At this point a stream of visitors, including Churchill, Eisenhower and Smuts, came across the Channel to visit Montgomery and try to discover what was in the General’s mind. Did he think the outlook was grave? Did he feel he should make a radical revision of his plan? Or was he still confident that he had the measure of Rundstedt and Rommel?

To all the visitors Montgomery presented a uniformly obscure attitude, which did nothing to relieve the anxiety in Whitehall. He adopted the façade of a mystic. He divulged neither his feelings nor his intentions. All he would say was that everything was fine, and would everybody be good enough to leave him alone to carry through his plans?

From Mystic to Genius

1ESS than a fortnight after the high point of J Whitehall’s anxiety, Montgomery’s program of constant regrouping of his armor bore its ripest fruit. The bulk of Rundstedt’s Panzers was attracted into the area of the Falaise Gap - just as if Montgomery had plotted its course -Bradley’s Army smashed a hole from Saint Lo to Avranches, and Patton’s Army streamed into the French hinterland. The plan suddenly became obvious; it was beautiful; it was effective. Montgomery the mystic had become Montgomery the genius.

Out of this victory spurted the great advance across western Europe to the Reich’s borders. But before another lightning thrust could be built on the momentum of this one, the over-all command of the Allies was changed on Sept. 2. Thenceforth the ground command was divided among three Army group leaders— Mongomery, Bradley and Devers—with ELsenhower assuming direct land command in addition to sea, air, and politico-military command.

Why was this done? It may be said, quite accurately, that this decision was taken in accordance with a prearranged plan. It was never intended that Montgomery should have indefinite command of all Allied ground forces. But this prearranged plan was based on the assumption that a decisive victory in France and Belgium would break the core of German resistance in the West, that routine pressure everywhere

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Needed-Single Command

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would collapse the surviving shell of the Nazi colossus, that there would he no need for a winter battle on a comprehensive scale requiring imaginative conception.

Test of Allied Unity

That this assumption was based on false hopes and a mistaken appreciation of the Germans’ power of recuperation became painfully evident when the thrust to Arnhem failed, possibly through lack of proper concentration of Allied strength. During October and November it became exceedingly clear that another campaign on the scale of Normandy would be necessary before final victory could be achieved. The demand grew, first in military circles then in the popular press, for a return to the single ground command system which had gained for the Allies victory in Africa and western Europe.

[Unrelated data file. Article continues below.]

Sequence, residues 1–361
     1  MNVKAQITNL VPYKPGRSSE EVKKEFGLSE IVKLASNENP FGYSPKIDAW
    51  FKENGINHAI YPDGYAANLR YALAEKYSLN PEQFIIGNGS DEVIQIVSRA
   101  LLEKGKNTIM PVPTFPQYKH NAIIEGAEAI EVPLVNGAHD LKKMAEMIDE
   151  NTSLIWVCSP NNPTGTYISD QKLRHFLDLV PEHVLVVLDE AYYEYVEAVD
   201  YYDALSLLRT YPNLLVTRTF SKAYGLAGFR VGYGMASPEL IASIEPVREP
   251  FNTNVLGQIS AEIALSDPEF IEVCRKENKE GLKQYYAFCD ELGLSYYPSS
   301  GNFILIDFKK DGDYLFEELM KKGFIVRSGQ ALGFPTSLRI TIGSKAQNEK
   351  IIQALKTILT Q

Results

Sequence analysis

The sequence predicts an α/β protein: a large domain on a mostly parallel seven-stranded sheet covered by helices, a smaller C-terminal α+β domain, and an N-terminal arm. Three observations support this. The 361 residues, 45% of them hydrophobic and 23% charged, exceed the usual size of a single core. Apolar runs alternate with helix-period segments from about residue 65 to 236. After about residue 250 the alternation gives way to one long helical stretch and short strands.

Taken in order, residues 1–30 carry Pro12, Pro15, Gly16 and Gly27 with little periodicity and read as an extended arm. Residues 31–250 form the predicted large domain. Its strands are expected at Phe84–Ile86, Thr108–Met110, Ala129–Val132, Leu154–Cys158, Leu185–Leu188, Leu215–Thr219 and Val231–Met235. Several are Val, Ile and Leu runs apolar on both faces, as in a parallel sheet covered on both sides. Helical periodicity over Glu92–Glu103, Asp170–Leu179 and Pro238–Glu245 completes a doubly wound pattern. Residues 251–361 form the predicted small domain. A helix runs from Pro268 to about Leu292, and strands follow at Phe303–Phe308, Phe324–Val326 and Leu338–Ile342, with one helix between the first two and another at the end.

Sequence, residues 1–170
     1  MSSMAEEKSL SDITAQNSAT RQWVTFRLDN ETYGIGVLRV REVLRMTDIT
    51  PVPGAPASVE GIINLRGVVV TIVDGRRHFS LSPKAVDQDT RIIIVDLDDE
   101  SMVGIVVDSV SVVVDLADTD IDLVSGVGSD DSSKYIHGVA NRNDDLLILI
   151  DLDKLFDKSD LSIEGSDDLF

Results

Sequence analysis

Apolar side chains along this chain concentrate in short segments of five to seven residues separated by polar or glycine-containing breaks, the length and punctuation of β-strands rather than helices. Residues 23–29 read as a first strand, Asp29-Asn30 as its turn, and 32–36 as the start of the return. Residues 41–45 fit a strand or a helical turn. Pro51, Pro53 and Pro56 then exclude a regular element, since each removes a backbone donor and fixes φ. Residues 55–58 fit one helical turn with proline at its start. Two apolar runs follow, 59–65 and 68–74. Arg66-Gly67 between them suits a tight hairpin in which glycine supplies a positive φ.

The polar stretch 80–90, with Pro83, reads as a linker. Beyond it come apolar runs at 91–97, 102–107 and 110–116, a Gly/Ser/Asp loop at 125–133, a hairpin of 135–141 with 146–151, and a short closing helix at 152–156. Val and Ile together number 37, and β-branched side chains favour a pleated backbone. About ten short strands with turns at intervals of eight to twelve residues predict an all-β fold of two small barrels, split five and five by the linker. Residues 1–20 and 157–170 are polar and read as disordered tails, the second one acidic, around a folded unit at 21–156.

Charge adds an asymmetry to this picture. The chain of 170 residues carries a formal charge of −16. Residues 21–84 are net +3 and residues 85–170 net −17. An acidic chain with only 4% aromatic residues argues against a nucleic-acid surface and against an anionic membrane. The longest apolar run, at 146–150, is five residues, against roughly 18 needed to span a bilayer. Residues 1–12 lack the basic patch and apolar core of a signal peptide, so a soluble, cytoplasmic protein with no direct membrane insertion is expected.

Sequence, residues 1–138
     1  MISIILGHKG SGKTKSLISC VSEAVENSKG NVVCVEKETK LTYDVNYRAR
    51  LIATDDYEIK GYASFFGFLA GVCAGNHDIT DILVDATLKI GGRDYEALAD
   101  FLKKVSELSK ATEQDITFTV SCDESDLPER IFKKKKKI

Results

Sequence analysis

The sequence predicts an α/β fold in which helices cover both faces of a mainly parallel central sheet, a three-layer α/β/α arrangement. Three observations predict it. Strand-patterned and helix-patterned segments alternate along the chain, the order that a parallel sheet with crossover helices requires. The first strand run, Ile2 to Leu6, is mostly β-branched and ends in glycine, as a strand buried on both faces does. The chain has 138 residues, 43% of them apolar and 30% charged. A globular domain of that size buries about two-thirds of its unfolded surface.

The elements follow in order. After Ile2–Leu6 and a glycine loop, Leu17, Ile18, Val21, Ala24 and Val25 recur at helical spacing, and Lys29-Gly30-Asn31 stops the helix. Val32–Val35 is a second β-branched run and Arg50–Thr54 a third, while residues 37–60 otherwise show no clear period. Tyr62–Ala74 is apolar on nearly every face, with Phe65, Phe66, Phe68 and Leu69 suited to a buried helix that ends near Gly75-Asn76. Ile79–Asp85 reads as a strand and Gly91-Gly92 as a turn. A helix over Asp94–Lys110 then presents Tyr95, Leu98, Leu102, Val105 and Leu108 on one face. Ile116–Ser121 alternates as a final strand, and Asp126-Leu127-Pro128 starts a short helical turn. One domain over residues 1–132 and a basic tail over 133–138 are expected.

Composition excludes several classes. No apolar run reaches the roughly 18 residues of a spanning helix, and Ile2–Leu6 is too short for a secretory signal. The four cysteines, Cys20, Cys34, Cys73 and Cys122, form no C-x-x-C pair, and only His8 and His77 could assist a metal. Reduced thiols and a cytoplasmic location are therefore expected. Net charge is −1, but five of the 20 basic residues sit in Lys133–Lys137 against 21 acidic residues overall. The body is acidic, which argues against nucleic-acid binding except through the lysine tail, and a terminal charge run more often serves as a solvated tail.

Here was a severe test of Allied unity. Would the British accept both Eisenhower as supreme commander and, let us say, Bradley, the outstanding American tactician, as Allied ground commander? Would the Americans, who could count by official announcement that they had 46 divisions in western Europe, against 17 British and Canadian divisions, accept Montgomery as ground commander?

Apparently Allied unity has failed in this test. Neither Bradley nor Montgomery has been given the big job. The upsurge of touchy national feeling was discouragingly demonstrated when the impact of Rundstedt’s offensive in the Ardennes gave Montgomery command of the American First and Ninth Armies. Eisenhower’s painfully laborious announcement of the necessity for this move revealed an apologetic hand. And when Montgomery held a press conference in which he stated a proprietory interest in the First and Ninth armies, Bradley lost no time in announcing that the whole arrangement was temporary. There was the faintest hint of bad manners -or extreme sensitivity—on both sides.

The temperaments of generals should not be important to the Allied peoples. What is important is a fast and economical finish to the war. And the circumstance persists that a bulky aud insensitive system of ground com-

mand remains on the Western Front. It is endowed with national jealousies and retained by the race for national credits.

There is no question of sincerity of Eisenhower’s performance as Supreme Commander. He is the perfect choice as Allied Chief. No other known man in Britain or America can claim the degree of confidence in which he is held by the soldiers and the peoples of the western Allies. If his authority were as supreme as his title indicates, Allied unity would be welded. But a system of checks and balances plays upon his decisions no less than on those of other war leaders. Completely unsullied personally by considerations of national prides and jealousies, he must still weigh them in making appointments of a semipermanent character. The fault, therefore, lies not so much with the military but with the people.

There are only two field commanders in our western forces who, on the basis of their known ability, can be entrusted with planning and carrying through the western Battle for Germany. They are Montgomery and Bradley. Of the two it can hardly be denied that Montgomery’s record of achievement is the more impressive. In the perfect alliance of powers he would undoubtedly be selected to command the final assault.